Financial statements are extremely important for a potential borrower to understand, because together they tell the whole story of the farm business. The lender needs to know that you understand where your farm stands financially. Understanding also gives you confidence in your ability to be successful as you project the repayment of the loan.

Profitability & Cash Flow

One of the keys to successfully getting a loan is to have a realistic projection. This is your expectation of what the season or year will look like. It shows the money aspects of your farm business from cash expenses all the way to the marketing of your products.

This is another opportunity to showcase your knowledge and experience as a decision-maker – not only that you know about the production side of your farm, but also that you have a working understanding of profitability and cash flow. Generally, if the season is “normal,” the projection should show enough income to pay for expenses (profitability) and debt repayments (cash flow). If the projection does not demonstrate that cash flow is positive and the loan will be repaid, then think about what needs to happen for the farm to be successful. The lender can be part of this process as you work through possible strategies to consider and discuss alternatives with him or her. Ultimately, you need to be objective as a farm manager and decide if the loan is worth pursuing or if you should walk away. Sometimes not getting a loan can be the best decision you make for your farm’s future.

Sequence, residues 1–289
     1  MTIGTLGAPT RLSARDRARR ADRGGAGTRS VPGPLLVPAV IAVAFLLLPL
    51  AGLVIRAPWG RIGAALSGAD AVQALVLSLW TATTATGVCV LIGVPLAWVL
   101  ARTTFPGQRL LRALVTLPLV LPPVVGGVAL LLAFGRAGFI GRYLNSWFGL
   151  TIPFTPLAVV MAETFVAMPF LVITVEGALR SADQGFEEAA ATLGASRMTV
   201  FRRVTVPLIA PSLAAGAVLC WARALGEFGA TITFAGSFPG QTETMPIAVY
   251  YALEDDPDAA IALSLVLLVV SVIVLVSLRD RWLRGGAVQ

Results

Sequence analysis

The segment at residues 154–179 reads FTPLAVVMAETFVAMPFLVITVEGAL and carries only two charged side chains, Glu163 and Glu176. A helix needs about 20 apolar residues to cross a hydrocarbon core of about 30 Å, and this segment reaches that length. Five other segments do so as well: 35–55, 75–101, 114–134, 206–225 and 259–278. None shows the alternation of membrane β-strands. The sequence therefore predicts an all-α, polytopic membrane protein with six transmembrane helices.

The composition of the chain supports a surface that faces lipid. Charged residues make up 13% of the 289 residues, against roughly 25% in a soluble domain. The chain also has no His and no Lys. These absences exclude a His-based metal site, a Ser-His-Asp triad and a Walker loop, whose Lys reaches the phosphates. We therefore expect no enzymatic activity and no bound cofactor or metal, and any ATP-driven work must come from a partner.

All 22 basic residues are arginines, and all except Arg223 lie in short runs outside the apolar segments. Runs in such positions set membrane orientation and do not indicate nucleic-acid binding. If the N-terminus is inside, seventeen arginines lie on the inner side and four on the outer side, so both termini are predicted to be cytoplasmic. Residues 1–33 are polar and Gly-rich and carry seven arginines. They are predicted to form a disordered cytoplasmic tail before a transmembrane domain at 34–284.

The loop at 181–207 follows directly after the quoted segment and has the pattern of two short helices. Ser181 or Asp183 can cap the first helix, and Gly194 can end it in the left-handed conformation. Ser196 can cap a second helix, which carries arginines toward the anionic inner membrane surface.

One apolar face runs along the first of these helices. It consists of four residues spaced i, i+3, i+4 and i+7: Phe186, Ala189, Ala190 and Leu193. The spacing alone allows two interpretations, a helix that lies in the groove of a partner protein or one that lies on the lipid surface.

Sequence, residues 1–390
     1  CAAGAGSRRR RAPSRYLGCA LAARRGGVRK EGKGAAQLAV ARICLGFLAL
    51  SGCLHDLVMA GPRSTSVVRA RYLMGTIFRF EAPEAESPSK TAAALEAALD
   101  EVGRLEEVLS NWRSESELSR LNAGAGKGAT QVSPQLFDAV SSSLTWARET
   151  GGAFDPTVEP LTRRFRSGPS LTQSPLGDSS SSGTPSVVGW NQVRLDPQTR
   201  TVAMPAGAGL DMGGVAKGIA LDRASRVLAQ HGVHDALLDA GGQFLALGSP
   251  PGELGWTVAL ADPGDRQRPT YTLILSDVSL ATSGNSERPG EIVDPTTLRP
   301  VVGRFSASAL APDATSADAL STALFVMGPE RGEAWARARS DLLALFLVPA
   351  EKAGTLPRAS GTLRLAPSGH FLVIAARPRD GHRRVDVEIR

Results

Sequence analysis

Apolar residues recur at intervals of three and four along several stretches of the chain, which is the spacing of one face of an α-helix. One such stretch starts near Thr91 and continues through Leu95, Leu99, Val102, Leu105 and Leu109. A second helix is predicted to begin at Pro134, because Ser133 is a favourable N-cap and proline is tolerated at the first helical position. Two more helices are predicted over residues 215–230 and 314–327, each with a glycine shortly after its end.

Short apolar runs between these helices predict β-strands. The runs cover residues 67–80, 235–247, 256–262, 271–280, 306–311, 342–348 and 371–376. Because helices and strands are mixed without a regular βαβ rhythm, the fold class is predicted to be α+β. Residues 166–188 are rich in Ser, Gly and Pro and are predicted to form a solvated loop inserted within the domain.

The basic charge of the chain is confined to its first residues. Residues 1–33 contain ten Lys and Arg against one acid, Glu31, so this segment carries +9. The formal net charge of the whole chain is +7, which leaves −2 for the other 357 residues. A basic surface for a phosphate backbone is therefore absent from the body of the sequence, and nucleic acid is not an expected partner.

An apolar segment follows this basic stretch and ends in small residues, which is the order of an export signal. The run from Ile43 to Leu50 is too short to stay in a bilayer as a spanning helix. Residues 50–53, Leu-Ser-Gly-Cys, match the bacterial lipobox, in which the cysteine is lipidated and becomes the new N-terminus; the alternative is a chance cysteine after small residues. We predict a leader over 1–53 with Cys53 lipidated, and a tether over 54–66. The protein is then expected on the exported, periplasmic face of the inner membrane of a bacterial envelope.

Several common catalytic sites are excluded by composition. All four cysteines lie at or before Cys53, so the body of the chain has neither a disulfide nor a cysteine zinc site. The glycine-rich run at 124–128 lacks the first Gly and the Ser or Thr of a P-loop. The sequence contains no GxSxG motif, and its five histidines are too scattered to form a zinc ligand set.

A word of caution: Be careful about being too optimistic or overconfident in your projection. The yields or production outputs should be within the farm’s ability to reach and based on proven historical performance. Any overstated numbers or production values could reflect poorly on your management ability and realistic understanding of your proposal. The same is true of business plans or proposals based solely on internet searches or theoretical research; for example, “I’ll sell lavender oil for $30 an ounce on eBay. Lavender grows like a weed, so this plan makes complete sense.” If the information used is unrealistic, the lender will question your ability as a decision-maker and wonder if your loan request is worth pursuing.